Tomas Rincon wears jersey No. 88 for Torino FC during a Serie A match in Rome, Dec. 2017.
Tomas Rincon wears jersey No. 88 for Torino FC during a Serie A match in Rome, Dec. 2017.Paolo Bruno/Getty Images

Soccer players in Italy will no longer be permitted to wear the number 88, which has a secret antisemitic meaning among neo-Nazis, thanks to a joint initiative announced Tuesday between Italy’s government and the Italian soccer federation.

The number 88 has been used by neo-Nazis as a coded antisemitic symbol meaning “Heil Hitler,” as “h” is the eighth letter in the alphabet. In March, a fan of the Roman club S.S. Lazio was banned from the team’s games for life after wearing a jersey with the number 88 and the name “Hitlerson.”

As part of the new policy, officials are able to stop gameplay if they hear antisemitic chants or are made aware of antisemitic acts in the stands. Such behavior is somewhat commonplace at soccer stadiums across Europe, and other teams and leagues in Germany and England have recently taken steps to stem antisemitism and protect Jewish fans.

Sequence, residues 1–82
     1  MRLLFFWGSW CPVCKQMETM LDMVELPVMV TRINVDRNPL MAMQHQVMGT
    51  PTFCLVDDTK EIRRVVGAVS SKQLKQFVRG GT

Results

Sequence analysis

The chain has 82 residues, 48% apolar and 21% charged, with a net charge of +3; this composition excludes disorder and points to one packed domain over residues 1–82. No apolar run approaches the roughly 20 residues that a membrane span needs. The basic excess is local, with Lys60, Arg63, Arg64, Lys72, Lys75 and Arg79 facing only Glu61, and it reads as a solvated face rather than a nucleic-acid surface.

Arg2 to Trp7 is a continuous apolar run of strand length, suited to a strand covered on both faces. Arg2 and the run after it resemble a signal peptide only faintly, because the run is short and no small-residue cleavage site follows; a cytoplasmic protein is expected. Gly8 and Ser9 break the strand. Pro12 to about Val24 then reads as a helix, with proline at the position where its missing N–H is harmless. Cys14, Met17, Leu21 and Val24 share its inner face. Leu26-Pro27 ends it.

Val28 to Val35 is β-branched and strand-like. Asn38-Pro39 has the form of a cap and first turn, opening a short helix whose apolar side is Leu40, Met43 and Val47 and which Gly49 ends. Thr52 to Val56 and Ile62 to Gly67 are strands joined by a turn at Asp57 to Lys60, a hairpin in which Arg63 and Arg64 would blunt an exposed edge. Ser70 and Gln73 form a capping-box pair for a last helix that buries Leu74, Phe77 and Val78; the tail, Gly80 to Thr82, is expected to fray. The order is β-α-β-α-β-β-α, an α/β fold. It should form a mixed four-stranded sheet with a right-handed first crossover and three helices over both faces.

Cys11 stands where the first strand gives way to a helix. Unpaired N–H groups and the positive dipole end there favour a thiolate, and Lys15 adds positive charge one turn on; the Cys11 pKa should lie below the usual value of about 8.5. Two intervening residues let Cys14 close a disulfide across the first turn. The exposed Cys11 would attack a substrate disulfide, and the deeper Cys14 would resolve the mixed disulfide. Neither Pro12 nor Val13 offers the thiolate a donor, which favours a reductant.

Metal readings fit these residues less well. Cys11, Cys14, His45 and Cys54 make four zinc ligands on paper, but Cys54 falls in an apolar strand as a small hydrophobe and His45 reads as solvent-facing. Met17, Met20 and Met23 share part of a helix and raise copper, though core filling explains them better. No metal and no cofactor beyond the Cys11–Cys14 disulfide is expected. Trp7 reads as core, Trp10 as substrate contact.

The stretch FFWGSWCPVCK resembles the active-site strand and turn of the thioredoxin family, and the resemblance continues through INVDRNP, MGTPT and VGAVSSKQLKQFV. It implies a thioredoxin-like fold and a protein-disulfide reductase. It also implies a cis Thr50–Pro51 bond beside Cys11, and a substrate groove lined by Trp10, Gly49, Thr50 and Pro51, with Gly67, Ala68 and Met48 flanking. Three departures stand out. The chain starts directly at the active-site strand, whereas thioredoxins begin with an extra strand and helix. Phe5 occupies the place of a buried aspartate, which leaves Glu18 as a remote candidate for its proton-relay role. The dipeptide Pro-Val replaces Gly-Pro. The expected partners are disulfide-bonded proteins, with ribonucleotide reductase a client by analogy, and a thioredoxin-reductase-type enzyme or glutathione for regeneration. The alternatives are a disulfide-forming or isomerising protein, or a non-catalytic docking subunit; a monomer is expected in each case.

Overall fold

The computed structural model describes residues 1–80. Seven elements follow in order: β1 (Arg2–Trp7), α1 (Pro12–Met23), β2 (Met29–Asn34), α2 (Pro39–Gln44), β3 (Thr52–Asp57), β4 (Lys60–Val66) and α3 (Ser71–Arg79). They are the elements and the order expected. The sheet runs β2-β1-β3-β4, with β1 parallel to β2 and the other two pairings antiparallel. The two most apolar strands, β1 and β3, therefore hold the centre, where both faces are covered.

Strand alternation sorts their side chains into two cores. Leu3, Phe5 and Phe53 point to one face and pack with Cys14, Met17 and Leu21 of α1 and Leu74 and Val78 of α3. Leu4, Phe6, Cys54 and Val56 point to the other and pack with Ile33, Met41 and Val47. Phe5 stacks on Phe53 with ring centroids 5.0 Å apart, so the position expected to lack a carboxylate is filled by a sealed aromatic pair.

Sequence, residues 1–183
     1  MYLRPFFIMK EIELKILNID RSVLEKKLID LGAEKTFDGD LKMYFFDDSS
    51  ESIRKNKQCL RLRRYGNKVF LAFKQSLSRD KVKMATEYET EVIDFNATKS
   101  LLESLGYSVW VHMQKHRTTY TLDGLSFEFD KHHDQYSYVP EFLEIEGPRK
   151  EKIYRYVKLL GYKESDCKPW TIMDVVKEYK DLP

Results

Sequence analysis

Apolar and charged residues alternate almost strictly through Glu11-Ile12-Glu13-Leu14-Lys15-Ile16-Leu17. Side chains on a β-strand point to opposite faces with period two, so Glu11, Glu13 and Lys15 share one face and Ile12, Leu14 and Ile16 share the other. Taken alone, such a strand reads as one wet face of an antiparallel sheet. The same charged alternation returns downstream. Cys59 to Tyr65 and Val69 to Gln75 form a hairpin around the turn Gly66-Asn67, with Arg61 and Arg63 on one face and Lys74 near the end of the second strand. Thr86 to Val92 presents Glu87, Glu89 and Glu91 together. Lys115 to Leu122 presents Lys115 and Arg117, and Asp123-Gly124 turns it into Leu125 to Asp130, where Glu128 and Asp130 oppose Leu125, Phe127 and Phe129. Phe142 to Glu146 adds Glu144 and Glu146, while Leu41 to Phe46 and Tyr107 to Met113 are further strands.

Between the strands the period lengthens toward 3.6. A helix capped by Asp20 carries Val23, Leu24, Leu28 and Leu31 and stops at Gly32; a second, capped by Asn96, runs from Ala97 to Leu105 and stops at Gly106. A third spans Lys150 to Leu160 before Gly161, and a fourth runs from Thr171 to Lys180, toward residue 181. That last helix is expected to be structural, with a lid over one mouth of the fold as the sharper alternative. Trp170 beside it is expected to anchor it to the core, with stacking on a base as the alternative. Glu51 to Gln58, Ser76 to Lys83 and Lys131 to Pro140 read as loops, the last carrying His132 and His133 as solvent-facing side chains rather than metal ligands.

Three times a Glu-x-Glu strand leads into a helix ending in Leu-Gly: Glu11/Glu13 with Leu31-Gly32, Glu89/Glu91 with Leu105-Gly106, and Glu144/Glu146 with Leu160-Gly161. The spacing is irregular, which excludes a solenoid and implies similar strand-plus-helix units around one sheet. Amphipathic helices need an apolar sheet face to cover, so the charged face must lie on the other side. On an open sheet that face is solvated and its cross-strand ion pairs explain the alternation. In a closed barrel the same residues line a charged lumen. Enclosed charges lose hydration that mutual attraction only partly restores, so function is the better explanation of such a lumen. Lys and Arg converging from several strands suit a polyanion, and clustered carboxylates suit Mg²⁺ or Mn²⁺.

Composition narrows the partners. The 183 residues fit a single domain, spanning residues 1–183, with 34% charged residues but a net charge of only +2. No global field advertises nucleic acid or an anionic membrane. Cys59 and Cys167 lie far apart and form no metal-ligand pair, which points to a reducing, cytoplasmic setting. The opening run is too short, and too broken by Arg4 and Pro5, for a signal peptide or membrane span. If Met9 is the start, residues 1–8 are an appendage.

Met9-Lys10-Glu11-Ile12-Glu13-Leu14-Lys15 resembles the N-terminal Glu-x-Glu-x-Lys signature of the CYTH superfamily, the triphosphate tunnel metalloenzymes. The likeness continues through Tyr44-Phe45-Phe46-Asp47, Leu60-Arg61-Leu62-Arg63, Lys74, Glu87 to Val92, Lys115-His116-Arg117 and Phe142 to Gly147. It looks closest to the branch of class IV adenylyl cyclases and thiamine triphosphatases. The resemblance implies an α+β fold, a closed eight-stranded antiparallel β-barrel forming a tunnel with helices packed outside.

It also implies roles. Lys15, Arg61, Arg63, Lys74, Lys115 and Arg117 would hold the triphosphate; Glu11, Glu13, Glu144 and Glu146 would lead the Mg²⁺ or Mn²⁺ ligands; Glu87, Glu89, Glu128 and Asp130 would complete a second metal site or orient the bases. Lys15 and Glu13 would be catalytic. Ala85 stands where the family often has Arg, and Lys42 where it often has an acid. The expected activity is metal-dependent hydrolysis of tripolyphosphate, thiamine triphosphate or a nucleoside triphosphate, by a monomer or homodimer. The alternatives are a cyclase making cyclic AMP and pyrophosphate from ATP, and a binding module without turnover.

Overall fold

The new initiative also includes a code of ethics in accordance with the International Holocaust Remembrance Alliance, the global coalition based in Sweden that works to advance Holocaust awareness and education.

Italian Interior Minister Matteo Piantedosi called the new rule “an adequate and efficient response to intolerable prejudice that too often arises in our stadiums,” according to the Associated Press.

According to Sports Illustrated, two players in Italy’s top league, Serie A, currently wear No. 88: Lazio’s Toma Bašić and Atalanta’s Mario Pašalić.